This Great Debater Called Independence Home

This Great Debater Called Independence Home

This Great Debater Called Independence Home

Melvin Tolson isn’t a household name, but most everyone is familiar with Denzel Washington.

In 2007, Denzel Washington directed and starred in a movie called The Great Debaters, which tells the story of one-time Independence resident Melvin Tolson.

Based on a true story, The Great Debaters revolves around Tolson’s efforts to place the debate team at Wiley College (a historically black college in Marshall, Texas) on equal footing with whites during the 1930s, when Jim Crow laws were common and lynch mobs were a fear for blacks.

As the team’s head coach, Tolson led Wiley College to a win over the reigning national debate champion, the University of Southern California, depicted as Harvard University in The Great Debaters, in 1935.

A portrait of Melvin Tolson
Melvin Beaunorus Tolson (February 6, 1898 – August 29, 1966) was an American poet, educator, columnist, and politician.

melvin tolson in independence

In his younger days, Melvin Tolson lived with his parents at 140 W. White Oak St. in Independence from 1914 to 1918.

Melvin’s father, Alonzo Tolson, was an itinerant minister in the Methodist Episcopal Church, and the home at 140 W. White Oak was that church’s parsonage site. As such,  the Tolson’s called Independence home while Alonzo served as pastor of the White Oak Methodist Episcopal Church during the 1910s.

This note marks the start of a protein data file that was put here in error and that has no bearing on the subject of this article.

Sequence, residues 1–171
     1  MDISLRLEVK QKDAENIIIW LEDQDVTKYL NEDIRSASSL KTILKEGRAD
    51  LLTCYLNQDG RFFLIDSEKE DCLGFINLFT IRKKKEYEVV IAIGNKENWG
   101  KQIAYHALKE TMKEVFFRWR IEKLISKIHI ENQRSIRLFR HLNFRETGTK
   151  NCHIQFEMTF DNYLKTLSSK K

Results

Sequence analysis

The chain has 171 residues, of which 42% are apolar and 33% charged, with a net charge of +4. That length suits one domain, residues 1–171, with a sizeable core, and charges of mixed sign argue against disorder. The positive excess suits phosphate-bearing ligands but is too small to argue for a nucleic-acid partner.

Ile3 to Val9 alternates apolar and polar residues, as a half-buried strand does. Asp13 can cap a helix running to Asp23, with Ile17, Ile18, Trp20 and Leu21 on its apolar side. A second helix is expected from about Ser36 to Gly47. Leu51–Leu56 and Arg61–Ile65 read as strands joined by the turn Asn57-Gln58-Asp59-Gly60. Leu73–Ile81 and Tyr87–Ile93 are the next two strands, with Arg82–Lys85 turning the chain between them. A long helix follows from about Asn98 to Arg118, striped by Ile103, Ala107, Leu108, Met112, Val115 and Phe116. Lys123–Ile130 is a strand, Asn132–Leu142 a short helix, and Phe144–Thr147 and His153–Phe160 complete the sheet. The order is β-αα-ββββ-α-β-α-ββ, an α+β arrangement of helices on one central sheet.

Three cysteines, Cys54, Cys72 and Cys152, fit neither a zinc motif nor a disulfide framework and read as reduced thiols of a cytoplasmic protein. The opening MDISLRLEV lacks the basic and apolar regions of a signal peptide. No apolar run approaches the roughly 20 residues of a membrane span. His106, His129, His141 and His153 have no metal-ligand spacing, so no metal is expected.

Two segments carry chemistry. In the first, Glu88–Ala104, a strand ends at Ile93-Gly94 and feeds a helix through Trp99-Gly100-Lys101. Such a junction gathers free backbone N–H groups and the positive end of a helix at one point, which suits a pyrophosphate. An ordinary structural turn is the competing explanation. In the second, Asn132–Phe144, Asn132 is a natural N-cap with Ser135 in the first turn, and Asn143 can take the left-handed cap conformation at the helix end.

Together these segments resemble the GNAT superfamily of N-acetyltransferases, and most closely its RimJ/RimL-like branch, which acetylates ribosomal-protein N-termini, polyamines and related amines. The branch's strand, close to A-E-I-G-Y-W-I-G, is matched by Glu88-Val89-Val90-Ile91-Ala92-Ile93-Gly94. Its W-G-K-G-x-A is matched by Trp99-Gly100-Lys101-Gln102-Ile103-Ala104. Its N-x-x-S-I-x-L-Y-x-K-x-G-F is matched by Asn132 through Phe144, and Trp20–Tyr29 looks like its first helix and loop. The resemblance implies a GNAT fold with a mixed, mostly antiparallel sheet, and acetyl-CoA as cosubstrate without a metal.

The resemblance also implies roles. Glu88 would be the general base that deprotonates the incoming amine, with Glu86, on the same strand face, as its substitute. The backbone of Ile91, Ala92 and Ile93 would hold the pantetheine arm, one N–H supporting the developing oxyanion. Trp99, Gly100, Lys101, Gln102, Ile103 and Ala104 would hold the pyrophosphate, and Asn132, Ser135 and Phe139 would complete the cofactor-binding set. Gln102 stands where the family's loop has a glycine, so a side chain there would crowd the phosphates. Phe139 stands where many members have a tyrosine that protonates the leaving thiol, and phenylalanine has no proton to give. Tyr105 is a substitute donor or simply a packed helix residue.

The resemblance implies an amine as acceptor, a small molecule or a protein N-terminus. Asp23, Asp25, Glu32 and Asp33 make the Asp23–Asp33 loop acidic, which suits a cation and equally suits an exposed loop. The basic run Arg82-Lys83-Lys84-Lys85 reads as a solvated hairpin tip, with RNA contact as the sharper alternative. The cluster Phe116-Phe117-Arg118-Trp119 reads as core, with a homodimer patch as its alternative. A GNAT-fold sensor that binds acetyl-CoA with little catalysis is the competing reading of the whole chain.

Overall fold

After attending Lincoln High School in Kansas City, Melvin graduated in 1924 from Lincoln University in Oxford, Pennsylvania. Soon after, Wiley College in Marshall, Texas — where The Great Debaters is set — offered him a position teaching English and speech.

140 W. White Oak St.

Explore the area where Melvin Tolson lived in Independence.

Moving on to Greater Things

As a teacher at Wiley, Tolson organized a debate team and a theater company, which came to be known as the Log Cabin Players.

His debate team faced off against the University of Michigan Law School in 1930 and defeated them, marking the first time that a black debate team had defeated a white debate team.

In 1935, Tolson’s debate team, which included James Farmer, who would go on to be a noted civil rights leader in the 1960s, defeated the University of Southern California debate team, which was that year’s national debate champion.

The Great Debaters recounts the adventures of that 1935 debate team.

In 1953, Tolson published “Libretto for the Republic of Liberia,” which critics compared to the work of T. S. Eliot.

He died in August of 1966 in Dallas, Texas, and was laid to rest in Guthrie, Oklahoma.

The 1930 Wiley College debate team. Wells is in the center of the front row. To her right is debate team coach Melvin B. Tolson.

Learn More About Black History in Independence

This post was adapted from the African-American Historic Sites of Independence Walking Tour. This walking tour highlights the many contributions by African Americans to the history of Independence. The tour covers a total of 16 sites.